Overseas cruise companies look forward to 'second golden age' in China

By Xie Jun Source:Global Times Published: 2019/4/17 19:23:40

Overseas operators look forward to ‘second golden age’ in the market


The stern of the Explorer Dream, the newest cruise launched by Genting Cruise Lines at Shanghai's Wusongkou International Cruise Terminal Photo: Courtesy of Genting Cruise Lines



After a temporary chill in the Chinese mainland cruise market with the exit of several cruise lines, it seems that the industry is ready to set sail again as overseas cruise companies increase investment with larger ships and longer itineraries.

On Thursday, Genting Cruise Lines under the Hong Kong-based Genting Hong Kong launched its latest cruise ship, the Explorer Dream, with Shanghai's Wusongkou International Cruise Terminal as its home port. It is the first cruise ship Genting has launched during what it described as a "post-recalibration period" in the Chinese mainland cruise industry. 

On Thursday, the 75,338-ton white cruise ship berthed quietly at the Wusongkou port. Although the cruise liner has not yet started operating, the 13-deck ship had a lively atmosphere with piano music floating in the background and servers offering wine and drinks to people on board. The interior of the cruise ship featured golden pillars, wall paintings and luxurious carpets.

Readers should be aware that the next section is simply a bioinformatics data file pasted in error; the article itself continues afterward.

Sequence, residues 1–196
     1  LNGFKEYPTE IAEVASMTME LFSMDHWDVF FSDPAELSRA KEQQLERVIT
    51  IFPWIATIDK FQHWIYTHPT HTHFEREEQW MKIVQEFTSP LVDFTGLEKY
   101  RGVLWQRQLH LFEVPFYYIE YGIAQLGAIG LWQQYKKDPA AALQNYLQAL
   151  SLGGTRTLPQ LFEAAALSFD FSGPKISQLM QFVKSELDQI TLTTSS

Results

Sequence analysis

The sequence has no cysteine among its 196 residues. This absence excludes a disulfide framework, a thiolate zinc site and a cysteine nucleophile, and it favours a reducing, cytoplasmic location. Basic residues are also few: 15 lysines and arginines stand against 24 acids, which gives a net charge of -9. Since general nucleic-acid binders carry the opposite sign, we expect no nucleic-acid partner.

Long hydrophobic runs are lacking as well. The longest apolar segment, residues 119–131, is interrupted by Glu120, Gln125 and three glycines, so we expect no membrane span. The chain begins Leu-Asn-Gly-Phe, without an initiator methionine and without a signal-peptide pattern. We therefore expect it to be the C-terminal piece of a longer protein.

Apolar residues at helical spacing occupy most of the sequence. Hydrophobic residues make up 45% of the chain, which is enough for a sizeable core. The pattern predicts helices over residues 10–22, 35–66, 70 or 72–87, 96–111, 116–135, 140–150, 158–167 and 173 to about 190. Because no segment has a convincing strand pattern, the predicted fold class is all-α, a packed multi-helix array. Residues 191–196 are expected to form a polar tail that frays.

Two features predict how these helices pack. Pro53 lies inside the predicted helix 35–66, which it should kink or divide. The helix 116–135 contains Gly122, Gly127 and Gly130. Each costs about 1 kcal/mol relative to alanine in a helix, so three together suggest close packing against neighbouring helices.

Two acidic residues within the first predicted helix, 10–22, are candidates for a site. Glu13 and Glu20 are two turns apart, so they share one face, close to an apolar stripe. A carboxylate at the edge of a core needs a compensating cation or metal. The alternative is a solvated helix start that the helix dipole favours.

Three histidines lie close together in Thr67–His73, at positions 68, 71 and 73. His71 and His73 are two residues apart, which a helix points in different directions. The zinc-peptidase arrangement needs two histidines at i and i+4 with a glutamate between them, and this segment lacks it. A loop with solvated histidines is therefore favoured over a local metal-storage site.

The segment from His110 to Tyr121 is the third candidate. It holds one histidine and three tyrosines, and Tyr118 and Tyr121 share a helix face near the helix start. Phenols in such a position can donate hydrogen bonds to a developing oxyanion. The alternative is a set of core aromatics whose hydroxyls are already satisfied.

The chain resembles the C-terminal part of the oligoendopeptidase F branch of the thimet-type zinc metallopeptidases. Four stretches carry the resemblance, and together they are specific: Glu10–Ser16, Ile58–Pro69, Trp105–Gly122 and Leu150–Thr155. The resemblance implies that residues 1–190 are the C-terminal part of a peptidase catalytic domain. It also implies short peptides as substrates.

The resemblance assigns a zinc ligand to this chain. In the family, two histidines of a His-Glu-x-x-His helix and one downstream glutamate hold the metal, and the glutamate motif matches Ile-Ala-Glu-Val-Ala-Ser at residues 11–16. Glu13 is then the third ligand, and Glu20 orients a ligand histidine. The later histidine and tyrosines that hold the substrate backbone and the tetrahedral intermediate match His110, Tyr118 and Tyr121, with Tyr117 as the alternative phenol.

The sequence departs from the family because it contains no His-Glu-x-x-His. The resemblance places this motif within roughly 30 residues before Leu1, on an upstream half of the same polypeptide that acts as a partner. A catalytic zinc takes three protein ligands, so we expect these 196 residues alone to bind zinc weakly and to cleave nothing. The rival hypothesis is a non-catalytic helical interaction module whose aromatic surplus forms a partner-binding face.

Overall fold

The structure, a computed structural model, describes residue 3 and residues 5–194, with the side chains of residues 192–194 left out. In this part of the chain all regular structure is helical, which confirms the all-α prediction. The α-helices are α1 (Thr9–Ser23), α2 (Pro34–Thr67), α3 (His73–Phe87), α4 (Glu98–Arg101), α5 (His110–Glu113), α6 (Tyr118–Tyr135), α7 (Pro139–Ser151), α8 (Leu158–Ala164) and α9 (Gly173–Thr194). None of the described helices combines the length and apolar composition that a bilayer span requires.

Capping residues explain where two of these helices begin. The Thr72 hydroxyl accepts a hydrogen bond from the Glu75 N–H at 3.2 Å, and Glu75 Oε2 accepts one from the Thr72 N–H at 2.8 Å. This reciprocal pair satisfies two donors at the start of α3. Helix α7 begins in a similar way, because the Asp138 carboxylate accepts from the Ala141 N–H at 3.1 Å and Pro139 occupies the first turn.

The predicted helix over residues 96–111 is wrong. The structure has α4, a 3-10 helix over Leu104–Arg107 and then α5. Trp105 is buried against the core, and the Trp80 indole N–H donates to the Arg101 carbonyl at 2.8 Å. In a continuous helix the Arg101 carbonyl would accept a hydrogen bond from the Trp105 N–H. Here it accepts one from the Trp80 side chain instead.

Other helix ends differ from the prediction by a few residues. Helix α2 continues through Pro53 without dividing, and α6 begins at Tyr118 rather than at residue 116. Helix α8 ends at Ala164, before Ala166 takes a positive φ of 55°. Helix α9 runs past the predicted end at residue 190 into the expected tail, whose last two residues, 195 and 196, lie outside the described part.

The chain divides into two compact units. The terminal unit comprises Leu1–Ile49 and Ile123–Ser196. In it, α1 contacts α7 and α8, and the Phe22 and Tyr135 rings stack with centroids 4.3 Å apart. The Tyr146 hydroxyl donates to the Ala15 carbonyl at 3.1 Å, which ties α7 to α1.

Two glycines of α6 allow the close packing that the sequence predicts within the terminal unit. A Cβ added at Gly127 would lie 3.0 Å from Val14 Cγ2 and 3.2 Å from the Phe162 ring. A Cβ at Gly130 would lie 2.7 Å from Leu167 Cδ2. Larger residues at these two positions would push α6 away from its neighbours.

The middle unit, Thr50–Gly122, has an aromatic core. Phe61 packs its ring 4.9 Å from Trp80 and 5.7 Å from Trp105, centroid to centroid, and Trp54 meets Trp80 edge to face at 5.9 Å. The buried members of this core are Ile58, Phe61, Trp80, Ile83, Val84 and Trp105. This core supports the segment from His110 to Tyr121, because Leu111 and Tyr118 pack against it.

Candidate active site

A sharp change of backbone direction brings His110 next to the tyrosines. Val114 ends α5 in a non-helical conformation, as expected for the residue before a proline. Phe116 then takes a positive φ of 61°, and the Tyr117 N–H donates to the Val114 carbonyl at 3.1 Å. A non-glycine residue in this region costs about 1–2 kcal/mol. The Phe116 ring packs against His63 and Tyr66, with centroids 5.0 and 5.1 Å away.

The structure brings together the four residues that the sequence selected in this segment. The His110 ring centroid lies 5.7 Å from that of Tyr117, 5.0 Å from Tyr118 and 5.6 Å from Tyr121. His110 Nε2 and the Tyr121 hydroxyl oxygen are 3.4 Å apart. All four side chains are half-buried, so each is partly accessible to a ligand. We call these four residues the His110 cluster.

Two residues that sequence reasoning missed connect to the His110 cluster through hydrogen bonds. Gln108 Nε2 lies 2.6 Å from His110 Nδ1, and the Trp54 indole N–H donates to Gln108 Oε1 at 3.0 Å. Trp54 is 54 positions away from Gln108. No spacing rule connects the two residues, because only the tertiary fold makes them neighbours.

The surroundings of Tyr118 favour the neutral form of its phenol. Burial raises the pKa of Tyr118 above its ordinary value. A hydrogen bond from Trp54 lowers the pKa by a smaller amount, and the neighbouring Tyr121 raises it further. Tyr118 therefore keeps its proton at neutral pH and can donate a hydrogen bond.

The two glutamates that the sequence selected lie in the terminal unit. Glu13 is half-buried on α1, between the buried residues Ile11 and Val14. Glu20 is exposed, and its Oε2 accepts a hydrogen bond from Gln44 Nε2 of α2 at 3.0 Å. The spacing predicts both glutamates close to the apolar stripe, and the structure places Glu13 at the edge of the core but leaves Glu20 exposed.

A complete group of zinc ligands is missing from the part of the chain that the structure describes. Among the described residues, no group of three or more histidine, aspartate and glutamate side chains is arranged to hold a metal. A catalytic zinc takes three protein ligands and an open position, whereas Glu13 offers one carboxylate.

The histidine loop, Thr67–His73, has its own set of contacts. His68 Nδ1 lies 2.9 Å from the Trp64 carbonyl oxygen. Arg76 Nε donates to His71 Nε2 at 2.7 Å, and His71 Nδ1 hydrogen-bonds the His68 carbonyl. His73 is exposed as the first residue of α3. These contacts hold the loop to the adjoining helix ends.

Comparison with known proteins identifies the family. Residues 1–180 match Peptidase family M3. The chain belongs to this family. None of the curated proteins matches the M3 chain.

Another Genting cruise ship, the World Dream, has dual home ports in Guangzhou in South China's Guangdong Province and Hong Kong.

Genting Cruise Lines' launch of the Explorer Dream, which targets the mainland's rising middle-class, is an example of how overseas cruise companies are increasing their investment in the mainland. Cruise operators are pushing into the market by launching larger ships as well as designing longer travel itineraries for mainland customers.

US-based Princess Cruises said in a statement it sent to the Global Times on Friday that it is launching a new 9-day travel itinerary from Shanghai to Japan for this year's summer season. The company already offers a 5-day Shanghai-Japan cruise itinerary in summer. 

In May, the Costa Venezia cruise ship will also make its first departure from Shanghai, stopping at locations throughout Asia. The 135,500-ton cruise ship is Costa Cruises' largest vessel in its mainland fleet. The company will introduce another new ship, also tailored for the Chinese market, in 2020, the company revealed to the Global Times recently. 

Genting Cruise Lines is heading in a similar business direction. The company told the Global Times that after the Explorer Dream, the company will launch a 200,000-ton Global Class cruise ship, set to debut in 2021, for the mainland market. The ship will feature cutting-edge technologies such as facial-recognition for onboard check-in and intelligent stateroom controls.

Second golden age 

Overseas cruise companies have been testing the waters in recent years.